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Wednesday, 23 March 2011
Page: 2859

Mr ALBANESE (Minister for Infrastructure and Transport) (9:10 AM) —I move:

That this bill be now read a second time.

The legislative framework of Australia’s aviation security regime consists of a suite of measures designed to deter and prevent acts of unlawful interference with aviation. The framework is constantly reviewed to ensure it adapts to evolving threats to the security of the Australian aviation industry.

The Aviation Transport Security Amendment (Air Cargo) Bill 2011 (the bill) contains four key amendments to the Aviation Transport Security Act 2004 (the act) to simplify and strengthen the existing security regulatory framework for supply chain security. These amendments are critical in terms of improving security outcomes.

The bill:

  • improves Australia’s capacity to respond to events of heightened transport security threat;
  • provides transitionary arrangements to ease the regulatory burden on air cargo industry members while Australia moves to implement the new air cargo security initiatives announced by the government on 9 February 2010;
  • allows for training requirements of air cargo industry members to be prescribed by legislative instrument which will increase the transparency of training requirements and allow scrutiny by the parliament; and
  • simplifies the air cargo clearance process by removing terminology that is not relevant or that is inconsistent with operational procedures used in the air cargo industry.

In late October 2010, terrorists operating from Yemen concealed improvised explosive devices inside printers and sent them as air cargo consignments to the United States of America. Intelligence information led to the successful disruption of this attempted terrorist targeting of the aviation sector. This event reinforced the need to be able to respond quickly to address emerging threats.

The Australian government took immediate action to protect the travelling public and the Australian aviation sector, strengthening measures against inbound cargo originating from Yemen and Somalia. This was achieved through special security directions issued to regulated air cargo agents (RACAs) which initially required screening of inbound air cargo arriving directly from the Middle East and later banned carriage of air cargo from Yemen and Somalia.

This bill continues to strengthen Australia’s air cargo security through four measures.

First, this bill will amend the definition of ‘aviation industry participant’ to include accredited air cargo agents. Under the current legislative arrangements, accredited air cargo agents are not defined as a type of aviation industry participant and therefore are not subject to the full suite of regulatory obligations that apply to aviation industry participants.

Adding accredited air cargo agents to the definition of aviation industry participants in the act will allow special security directions to be applied to accredited air cargo agents in times of heightened security threat and require them to comply with incident reporting requirements. This amendment will provide for consistent security obligations to be applied to all aviation industry participants.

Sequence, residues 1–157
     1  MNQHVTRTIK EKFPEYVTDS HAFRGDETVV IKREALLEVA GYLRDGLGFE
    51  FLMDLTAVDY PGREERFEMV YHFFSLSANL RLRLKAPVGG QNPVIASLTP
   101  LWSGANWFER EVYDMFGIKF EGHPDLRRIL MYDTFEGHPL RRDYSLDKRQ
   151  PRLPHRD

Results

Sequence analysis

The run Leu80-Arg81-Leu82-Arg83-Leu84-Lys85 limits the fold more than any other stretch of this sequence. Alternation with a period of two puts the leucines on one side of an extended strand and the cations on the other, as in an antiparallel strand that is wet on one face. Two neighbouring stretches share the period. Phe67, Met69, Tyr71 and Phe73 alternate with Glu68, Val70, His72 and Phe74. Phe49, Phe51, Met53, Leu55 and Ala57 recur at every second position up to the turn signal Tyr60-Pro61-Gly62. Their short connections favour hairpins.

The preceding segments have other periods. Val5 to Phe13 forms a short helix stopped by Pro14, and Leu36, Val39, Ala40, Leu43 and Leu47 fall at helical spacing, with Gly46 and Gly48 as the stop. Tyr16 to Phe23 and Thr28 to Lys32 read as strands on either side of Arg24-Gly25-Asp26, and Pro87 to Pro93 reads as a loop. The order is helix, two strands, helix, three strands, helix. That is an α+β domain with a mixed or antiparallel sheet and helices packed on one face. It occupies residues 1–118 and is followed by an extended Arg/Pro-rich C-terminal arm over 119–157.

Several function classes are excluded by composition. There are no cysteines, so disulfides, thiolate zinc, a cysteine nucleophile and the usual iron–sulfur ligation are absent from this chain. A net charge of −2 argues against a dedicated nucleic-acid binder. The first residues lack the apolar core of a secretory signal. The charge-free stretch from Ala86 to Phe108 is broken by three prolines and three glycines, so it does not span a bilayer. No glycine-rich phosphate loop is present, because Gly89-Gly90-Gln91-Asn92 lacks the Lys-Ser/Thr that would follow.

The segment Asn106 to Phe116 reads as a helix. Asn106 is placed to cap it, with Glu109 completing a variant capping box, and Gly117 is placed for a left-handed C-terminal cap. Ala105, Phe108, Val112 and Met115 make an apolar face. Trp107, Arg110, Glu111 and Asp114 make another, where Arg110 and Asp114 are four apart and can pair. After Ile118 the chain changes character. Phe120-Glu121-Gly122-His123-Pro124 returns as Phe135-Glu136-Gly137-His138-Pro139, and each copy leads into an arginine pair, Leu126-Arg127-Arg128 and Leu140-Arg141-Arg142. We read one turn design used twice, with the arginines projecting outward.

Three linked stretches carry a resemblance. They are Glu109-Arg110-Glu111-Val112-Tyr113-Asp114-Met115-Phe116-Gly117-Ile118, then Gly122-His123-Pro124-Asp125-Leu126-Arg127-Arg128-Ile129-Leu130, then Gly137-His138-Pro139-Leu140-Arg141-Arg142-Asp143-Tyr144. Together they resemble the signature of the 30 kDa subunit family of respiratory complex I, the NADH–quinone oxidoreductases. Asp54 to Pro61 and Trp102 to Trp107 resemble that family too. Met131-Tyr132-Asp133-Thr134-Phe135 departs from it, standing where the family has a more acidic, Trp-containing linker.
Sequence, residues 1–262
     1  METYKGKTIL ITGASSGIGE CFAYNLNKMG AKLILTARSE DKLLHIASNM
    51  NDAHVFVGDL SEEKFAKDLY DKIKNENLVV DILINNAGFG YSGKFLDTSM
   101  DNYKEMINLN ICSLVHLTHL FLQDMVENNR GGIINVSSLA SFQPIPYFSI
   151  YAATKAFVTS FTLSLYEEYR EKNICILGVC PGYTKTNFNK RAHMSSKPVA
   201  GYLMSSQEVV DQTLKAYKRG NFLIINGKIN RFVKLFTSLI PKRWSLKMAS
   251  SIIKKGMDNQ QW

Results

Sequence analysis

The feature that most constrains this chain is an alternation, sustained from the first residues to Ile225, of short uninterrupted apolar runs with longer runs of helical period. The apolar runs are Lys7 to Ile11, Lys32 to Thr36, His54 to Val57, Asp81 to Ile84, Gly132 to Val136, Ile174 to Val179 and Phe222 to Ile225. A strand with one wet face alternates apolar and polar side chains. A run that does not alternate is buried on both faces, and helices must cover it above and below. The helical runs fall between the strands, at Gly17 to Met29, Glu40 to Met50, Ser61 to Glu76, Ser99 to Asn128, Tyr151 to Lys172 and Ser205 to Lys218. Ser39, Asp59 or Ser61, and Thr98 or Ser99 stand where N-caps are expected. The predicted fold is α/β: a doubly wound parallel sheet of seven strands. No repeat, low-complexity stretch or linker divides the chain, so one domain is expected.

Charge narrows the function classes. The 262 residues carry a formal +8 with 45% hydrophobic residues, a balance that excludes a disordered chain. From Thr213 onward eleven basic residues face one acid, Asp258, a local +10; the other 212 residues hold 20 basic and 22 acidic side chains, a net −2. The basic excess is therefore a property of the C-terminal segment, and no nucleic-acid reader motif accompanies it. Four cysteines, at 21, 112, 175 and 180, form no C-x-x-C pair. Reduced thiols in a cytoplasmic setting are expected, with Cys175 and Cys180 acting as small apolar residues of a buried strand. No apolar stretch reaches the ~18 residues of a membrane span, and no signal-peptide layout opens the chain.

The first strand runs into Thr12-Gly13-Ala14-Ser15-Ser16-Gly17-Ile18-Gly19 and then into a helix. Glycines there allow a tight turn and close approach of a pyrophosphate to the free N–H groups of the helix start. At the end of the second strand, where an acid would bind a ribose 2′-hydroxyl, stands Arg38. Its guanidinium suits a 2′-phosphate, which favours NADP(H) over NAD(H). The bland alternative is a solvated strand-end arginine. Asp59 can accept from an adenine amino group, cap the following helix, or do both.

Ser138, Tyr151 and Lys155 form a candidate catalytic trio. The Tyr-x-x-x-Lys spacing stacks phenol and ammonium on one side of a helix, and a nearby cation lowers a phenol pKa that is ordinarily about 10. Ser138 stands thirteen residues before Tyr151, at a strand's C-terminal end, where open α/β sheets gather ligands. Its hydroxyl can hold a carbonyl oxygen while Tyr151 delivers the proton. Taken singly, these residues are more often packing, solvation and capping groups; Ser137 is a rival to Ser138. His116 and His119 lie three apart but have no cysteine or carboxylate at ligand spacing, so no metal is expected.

Second, the bill extends the validity of regulated air cargo agents’ transport security programs to ease the burden on both industry and the department during the transition to a new air cargo security framework that aligns with world’s best practice. The framework was announced by the government on 9 February 2010 and included the establishment of a regulated shipper scheme and funding to assist industry to procure appropriate examination technology such as x-ray and explosive trace detection equipment to secure air cargo. The proposed transitional provisions will enable the air cargo industry members to determine the most appropriate regulatory scheme for their business, reduce compliance costs and streamline regulatory requirements during the progressive implementation of the new framework. This amendment will extend the validity of existing transport security programs to 31 December 2012 unless the transport security program is revised prior to this date.

Third, the bill will allow for a legislative instrument to clearly prescribe security training requirements for regulated air cargo agents and accredited air cargo agents. This will ensure consistency in training outcomes and increase the security of air cargo across the industry. A legislative instrument also increases the transparency and scrutiny by the parliament of the training prescribed.

Finally, the bill includes some minor technical amendments which will simplify the air cargo clearance process by:

  • removing ‘certification’ provisions to accurately reflect operational procedures applied by industry whilst maintaining the integrity of air cargo security measures; and
  • removing all references to the term ‘freight’ and replacing them with the term ‘cargo’. Cargo is a term which is more relevant to industry practices and terminology, and is consistent with other existing provisions in the act.

In summary, the bill will provide a more secure air cargo environment. The proposed amendments:

  • increase flexibility and responsiveness to situations of heightened security threat;
  • reduce the regulatory burden and cost to industry members during the progressive transition to the new air cargo security framework;
  • allow for greater scrutiny, consistency and transparency of training requirements for air cargo industry members; and
  • simplify terminology appropriate to industry practices and procedures.

Such changes are necessary in the continual refinement and improvement of the security arrangements to ensure Australia is positioned to respond to emerging security threats and continue to meet world’s best practice in our transport sector.

Debate (on motion by Mr Andrews) adjourned.